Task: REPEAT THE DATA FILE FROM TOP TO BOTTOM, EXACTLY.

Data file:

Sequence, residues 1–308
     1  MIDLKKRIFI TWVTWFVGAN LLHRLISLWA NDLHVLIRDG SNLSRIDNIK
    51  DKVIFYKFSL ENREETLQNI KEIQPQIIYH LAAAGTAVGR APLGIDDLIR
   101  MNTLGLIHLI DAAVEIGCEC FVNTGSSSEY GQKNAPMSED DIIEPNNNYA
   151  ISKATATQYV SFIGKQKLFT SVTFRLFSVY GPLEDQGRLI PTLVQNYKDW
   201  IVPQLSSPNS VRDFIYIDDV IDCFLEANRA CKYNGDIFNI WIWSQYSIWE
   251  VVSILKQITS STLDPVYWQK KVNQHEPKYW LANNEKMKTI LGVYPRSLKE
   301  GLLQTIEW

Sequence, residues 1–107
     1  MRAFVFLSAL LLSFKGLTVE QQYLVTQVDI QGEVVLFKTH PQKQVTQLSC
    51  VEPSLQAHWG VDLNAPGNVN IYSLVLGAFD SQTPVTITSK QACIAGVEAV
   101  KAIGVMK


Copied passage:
Sequence, residues 1–308
     1  MIDLKKRIFI TWVTWFVGAN LLHRLISLWA NDLHVLIRDG SNLSRIDNIK
    51  DKVIFYKFSL ENREETLQNI KEIQPQIIYH LAAAGTAVGR APLGIDDLIR
   101  MNTLGLIHLI DAAVEIGCEC FVNTGSSSEY GQKNAPMSED DIIEPNNNYA
   151  ISKATATQYV SFIGKQKLFT SVTFRLFSVY GPLEDQGRLI PTLVQNYKDW
   201  IVPQLSSPNS VRDFIYIDDV IDCFLEANRA CKYNGDIFNI WIWSQYSIWE
   251  VVSILKQITS STLDPVYWQK KVNQHEPKYW LANNEKMKTI LGVYPRSLKE
   301  GLLQTIEW

Sequence, residues 1–107
     1  MRAFVFLSAL LLSFKGLTVE QQYLVTQVDI QGEVVLFKTH PQKQVTQLSC
    51  VEPSLQAHWG VDLNAPGNVN IYSLVLGAFD SQTPVTITSK QACIAGVEAV
   101  KAIGVMK